The staff are very keen on Fred visiting. I think it makes it easier for them if the residents are happy. And of course it’s nice for the residents to talk to somebody who’s neither family nor staff. Whatever they say to me goes no further, and I become a sort of friend to them. I think it helps them to have someone else to talk to. Fred and I are two visitors who the residents can talk about with their other visitors.

There’s one chap with Parkinson’s who I think perhaps likes talking to me more than Fred, but that doesn’t matter. It’s still a visit for him.

It’s a very different life for people in the home. Everything is done for the residents: all their meals are provided and there’s a lady who runs very good and stimulating activities, but there's still a lot of time to fill. So Fred's visits really make a difference.

Many residents had pets before they came to the home, either in the recent past or a long time ago and I hear a lot of stories about their pets and what they were like. One of them had a bird that she had to pass on to a friend when she moved to the home. The bird’s still alive; she’s got a photo of it and we talk about it. Photos of Fred are very popular with the residents, especially ones of him on holiday playing on the beach and when he was a puppy.

Fred is usually impeccably behaved, although he once stole a biscuit. After we’ve visited the residents in their rooms, we go in the lounge to see if there’s anyone there who wants to see him. They have coffee and delicious homemade biscuits in there. One resident had put a biscuit on the table, rather than their saucer, and while I was talking to somebody else Fred’s lead suddenly extended a little bit and the biscuit was gone. The residents thought it was hilarious; they clapped and laughed. It was funny at the time, but it wouldn’t have been funny if Fred had eaten someone’s medication instead of a biscuit, so I’ve kept a closer eye on him since then.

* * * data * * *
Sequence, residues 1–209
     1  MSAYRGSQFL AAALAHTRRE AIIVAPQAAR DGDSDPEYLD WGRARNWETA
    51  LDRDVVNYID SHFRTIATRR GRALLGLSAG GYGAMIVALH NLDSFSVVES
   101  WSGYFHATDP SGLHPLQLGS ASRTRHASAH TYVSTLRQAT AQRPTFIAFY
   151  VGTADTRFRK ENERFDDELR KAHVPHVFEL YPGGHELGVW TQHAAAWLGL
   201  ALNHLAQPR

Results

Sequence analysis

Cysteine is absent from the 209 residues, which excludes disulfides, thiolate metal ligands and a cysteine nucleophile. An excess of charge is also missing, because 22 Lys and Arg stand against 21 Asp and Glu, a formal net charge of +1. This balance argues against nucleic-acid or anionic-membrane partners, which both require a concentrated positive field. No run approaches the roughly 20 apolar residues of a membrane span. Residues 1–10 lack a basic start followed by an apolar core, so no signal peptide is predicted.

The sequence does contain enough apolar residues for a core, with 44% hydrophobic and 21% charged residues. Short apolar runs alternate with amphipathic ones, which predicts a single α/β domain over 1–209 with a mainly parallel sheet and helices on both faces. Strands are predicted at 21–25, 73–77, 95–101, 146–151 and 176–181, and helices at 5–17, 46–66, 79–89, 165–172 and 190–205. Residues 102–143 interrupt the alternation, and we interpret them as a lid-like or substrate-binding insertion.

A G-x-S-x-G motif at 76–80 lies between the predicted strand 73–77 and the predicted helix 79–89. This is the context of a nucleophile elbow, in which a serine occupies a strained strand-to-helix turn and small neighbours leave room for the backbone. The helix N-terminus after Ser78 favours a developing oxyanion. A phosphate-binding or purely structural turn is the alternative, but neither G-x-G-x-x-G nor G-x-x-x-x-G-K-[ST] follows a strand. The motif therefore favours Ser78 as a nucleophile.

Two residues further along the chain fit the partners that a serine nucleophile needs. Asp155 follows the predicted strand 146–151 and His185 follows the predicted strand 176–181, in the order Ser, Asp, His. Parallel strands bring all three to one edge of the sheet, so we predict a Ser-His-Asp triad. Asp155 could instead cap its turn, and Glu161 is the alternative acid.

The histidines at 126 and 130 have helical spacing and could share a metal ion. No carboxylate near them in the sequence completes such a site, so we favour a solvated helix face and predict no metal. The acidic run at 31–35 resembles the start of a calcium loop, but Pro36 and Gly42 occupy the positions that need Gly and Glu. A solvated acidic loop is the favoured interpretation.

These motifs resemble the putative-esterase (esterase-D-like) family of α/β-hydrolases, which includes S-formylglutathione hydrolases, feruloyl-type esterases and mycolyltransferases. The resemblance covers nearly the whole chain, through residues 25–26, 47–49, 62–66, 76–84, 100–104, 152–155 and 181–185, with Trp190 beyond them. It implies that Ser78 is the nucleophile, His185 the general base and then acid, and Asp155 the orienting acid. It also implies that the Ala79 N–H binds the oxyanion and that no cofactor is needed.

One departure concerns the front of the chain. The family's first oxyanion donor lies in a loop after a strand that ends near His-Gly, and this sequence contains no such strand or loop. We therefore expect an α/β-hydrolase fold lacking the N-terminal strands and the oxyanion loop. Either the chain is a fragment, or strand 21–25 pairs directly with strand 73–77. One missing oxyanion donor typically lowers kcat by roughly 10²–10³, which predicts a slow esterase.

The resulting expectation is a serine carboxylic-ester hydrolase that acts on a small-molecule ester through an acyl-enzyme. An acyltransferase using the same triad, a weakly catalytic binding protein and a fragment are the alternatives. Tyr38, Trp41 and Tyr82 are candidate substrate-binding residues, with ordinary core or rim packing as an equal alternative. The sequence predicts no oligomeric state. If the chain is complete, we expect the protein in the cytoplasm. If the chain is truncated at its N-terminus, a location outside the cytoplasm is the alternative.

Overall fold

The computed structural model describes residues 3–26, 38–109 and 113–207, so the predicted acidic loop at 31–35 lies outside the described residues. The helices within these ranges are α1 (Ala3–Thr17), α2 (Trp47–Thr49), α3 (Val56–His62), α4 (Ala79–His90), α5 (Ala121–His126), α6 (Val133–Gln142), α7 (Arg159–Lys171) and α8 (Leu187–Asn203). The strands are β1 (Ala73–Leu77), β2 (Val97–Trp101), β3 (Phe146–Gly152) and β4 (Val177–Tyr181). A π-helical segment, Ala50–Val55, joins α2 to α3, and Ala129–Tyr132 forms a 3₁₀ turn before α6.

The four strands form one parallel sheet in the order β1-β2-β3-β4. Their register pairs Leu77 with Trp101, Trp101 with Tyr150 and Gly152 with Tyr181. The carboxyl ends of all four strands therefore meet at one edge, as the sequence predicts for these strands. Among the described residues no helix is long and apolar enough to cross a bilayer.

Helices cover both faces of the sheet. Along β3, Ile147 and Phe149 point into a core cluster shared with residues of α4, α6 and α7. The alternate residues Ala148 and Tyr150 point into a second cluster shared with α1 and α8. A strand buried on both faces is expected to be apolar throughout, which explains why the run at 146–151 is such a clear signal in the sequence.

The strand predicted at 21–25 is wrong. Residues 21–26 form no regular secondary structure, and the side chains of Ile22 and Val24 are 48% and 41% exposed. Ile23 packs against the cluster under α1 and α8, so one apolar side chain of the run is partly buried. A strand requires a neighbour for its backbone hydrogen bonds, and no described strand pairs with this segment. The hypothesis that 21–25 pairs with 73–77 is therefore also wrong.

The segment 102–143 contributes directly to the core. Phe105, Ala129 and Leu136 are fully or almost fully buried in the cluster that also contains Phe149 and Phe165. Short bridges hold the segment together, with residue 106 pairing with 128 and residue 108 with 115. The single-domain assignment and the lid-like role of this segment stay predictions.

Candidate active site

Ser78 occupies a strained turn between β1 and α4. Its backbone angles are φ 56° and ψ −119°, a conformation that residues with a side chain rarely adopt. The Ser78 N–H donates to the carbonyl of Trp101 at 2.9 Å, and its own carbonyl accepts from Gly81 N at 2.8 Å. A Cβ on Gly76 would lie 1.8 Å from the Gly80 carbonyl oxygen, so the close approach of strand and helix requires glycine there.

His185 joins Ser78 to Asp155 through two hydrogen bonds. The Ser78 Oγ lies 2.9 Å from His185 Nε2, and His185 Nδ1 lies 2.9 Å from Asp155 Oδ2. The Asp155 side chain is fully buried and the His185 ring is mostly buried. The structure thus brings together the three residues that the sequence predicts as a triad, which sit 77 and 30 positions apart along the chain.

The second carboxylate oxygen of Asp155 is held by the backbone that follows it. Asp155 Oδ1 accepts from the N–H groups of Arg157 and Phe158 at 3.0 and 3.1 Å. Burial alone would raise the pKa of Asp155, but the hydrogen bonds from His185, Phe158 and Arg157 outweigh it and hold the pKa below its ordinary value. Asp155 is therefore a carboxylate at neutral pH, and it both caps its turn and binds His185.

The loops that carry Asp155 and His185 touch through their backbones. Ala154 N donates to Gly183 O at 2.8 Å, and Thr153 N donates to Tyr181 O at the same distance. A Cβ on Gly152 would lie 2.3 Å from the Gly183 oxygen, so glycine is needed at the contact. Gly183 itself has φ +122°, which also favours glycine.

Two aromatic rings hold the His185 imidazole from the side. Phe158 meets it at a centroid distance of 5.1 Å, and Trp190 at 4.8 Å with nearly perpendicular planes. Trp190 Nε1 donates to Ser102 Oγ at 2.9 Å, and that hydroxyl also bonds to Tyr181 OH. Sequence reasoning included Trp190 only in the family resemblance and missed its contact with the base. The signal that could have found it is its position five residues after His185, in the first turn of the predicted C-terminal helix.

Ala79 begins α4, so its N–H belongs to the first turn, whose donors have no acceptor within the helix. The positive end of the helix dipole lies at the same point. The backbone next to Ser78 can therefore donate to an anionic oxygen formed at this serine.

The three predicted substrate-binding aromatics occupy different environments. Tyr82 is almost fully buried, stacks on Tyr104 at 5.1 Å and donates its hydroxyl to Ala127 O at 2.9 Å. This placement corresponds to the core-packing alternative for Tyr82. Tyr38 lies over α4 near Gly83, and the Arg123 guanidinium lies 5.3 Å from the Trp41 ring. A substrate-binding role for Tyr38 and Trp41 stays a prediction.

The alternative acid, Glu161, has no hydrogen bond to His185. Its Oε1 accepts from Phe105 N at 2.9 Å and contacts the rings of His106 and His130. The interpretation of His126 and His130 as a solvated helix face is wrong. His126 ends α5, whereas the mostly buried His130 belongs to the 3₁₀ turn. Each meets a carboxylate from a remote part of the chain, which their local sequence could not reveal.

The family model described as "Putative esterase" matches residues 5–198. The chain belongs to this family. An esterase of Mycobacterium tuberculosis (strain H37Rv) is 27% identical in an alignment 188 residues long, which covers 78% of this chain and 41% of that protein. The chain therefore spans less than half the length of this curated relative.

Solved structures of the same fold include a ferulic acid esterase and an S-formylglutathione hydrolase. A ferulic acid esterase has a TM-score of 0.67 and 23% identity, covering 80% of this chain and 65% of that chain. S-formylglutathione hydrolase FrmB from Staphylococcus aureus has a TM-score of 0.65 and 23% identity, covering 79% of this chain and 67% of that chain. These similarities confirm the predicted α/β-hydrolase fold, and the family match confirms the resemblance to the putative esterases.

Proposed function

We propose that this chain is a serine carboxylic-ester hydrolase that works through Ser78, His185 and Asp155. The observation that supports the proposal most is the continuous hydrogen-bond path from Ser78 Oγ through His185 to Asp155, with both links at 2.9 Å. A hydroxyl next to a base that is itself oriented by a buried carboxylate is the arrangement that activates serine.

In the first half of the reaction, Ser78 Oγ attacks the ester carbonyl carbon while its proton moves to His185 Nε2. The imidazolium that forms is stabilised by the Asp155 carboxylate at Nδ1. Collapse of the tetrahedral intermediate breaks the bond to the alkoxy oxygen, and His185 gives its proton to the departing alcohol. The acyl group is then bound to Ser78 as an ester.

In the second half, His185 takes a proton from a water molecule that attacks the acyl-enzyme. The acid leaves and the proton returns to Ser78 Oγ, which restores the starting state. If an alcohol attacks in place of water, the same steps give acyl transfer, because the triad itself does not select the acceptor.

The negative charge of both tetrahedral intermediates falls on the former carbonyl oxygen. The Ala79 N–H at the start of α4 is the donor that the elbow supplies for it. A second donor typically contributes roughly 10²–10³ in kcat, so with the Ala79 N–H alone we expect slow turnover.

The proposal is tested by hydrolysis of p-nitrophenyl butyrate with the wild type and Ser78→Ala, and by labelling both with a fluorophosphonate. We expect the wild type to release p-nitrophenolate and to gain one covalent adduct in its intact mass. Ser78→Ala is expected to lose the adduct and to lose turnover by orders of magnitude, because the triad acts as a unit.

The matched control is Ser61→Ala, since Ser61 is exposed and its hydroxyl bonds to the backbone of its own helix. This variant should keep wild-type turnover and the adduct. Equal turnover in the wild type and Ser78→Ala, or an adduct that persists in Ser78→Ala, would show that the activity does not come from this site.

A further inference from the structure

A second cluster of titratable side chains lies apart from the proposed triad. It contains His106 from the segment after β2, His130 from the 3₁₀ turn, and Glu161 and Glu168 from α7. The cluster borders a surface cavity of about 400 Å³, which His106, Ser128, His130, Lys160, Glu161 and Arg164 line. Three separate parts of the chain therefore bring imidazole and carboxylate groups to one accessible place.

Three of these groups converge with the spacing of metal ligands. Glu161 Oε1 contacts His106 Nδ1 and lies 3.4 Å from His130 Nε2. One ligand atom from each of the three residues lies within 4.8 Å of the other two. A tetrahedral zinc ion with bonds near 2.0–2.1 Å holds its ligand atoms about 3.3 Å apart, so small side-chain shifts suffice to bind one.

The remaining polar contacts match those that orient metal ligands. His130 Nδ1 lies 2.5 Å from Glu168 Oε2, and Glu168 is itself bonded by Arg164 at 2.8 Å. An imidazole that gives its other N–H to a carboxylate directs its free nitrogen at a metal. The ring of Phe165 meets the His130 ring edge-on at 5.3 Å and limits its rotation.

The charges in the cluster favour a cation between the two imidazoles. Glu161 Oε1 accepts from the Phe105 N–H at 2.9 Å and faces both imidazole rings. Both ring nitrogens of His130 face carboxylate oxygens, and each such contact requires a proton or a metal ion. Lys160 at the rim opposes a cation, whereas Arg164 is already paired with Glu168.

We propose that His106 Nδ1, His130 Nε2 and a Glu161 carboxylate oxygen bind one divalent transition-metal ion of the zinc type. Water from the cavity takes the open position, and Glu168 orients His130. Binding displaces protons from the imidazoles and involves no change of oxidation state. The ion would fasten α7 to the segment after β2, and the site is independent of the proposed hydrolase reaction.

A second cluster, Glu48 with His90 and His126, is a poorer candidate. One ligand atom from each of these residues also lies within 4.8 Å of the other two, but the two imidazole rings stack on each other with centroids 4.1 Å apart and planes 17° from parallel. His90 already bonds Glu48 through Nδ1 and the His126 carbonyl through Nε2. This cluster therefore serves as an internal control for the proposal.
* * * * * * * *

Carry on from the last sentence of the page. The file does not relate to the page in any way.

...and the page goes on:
The science bit

There’s been a lot of research on the benefits of spending time with a pet. I think the overall feeling is that having a pet, or a visiting pet like Fred, calms people, reducing blood pressure and stress. It also improves their mood. There is definite scientific evidence that it does help. It’s been shown that stroking a pet can help some patients manage without sleeping pills and it also helps people who are clinically depressed.

As well as visiting nursing homes, hospices and hospitals, PAT dogs are used in schools, for the Read2Dogs scheme, which helps to encourage children to read. I haven’t been involved in this, but it sounds very good. Apparently if the dog falls asleep you say he’s just got his eyes shut, he’s concentrating!

We all gain from PAT

It’s a win-win-win situation: for Fred, for me and for the residents. It’s lovely meeting them: they’re all nice people who are from all different walks of life. Many of them have had interesting careers and done fascinating things. One has taught in Africa and another is an incredibly good artist – her room is covered with beautiful collages and paintings.

To start with, I found visiting the home a little upsetting but I’ve come to understand that the best is being done for everyone. And of course, sometimes the residents die. That’s happened with one or two that I’ve got to know over the years. It is distressing, but no worse than when patients died when I was working as a doctor. You just have to accept it.

A while ago, the staff asked me to take Fred to see an old lady who was dying. She wasn’t someone who we usually visited, but they thought seeing him would cheer her up. She was lying down and they tilted the head of the bed so she could see him catch a treat. And she smiled. It was nice.

*Name has been changed.

Photo: Megan Amelia Photography

Find out more about Pets As Therapy.

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What a lovely story and a

What a lovely story and a very beautiful dog, golden retrievers are my favourite breed.